National Aeronautics and Space Administration (NASA) released a series of 10 close-ups of the frosty, faraway world on Friday, representing one full rotation, or Pluto day. A Pluto day is equivalent to 6.4 Earth days.
The New Horizons spacecraft snapped the pictures from a Long Range Reconnaissance Imager (LORRI) as it zoomed past Pluto in an unprecedented flyby in July. Pluto was between 400,000 and 5 million miles from the camera in these photos.
“These images and others like them reveal many details about Pluto, including the differences between the encounter hemisphere and the so-called ‘far side’ hemisphere seen only at lower resolution. Dimples in the bottom (south) edge of Pluto’s disk are artifacts of the way the images were combined to create these composites,” states the release.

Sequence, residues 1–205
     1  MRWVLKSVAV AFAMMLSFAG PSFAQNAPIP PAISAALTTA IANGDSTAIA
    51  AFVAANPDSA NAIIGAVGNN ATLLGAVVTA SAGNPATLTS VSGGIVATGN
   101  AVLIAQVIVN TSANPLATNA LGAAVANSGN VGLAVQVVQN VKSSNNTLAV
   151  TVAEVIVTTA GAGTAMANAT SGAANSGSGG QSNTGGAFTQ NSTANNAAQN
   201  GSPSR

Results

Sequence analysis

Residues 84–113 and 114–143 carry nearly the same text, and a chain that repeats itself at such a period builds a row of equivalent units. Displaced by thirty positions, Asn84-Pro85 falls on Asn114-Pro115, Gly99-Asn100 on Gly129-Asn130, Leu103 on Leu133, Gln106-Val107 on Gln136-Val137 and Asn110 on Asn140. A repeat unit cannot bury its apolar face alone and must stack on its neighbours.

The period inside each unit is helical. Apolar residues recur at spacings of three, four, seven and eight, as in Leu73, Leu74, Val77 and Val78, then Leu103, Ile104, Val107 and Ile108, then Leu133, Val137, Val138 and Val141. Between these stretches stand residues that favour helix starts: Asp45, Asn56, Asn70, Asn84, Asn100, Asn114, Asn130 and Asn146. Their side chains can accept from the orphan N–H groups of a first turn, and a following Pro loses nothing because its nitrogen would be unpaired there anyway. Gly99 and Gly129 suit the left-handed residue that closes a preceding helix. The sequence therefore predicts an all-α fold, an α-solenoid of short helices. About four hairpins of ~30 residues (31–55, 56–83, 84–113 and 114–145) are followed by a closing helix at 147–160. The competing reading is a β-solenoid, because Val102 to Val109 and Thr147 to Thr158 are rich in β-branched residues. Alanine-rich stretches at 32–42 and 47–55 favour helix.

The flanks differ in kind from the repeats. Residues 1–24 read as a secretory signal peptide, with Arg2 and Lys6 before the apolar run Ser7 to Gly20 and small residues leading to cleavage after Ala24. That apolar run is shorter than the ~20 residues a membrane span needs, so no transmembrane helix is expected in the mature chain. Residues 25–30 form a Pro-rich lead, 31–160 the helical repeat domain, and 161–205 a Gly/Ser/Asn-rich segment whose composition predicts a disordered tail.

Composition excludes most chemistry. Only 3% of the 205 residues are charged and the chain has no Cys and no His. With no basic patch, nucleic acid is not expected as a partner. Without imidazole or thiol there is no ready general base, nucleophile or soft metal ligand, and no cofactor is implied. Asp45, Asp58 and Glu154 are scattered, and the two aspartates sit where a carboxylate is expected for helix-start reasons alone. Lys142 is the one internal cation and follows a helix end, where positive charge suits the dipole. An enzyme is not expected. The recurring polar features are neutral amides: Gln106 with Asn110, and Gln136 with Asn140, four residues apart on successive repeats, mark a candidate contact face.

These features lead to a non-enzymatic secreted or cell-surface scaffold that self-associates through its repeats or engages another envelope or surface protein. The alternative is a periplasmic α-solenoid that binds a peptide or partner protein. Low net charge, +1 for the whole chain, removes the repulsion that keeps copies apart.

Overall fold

A similar series of shots were taken of Pluto’s jumbo moon, Charon. But the Pluto pictures stand out much more because of the orb’s distinct heart-shaped region. Scientists call the heart Tombaugh Regio, after the U.S. astronomer who discovered Pluto in 1930.
New Horizons is now headed to a new target.
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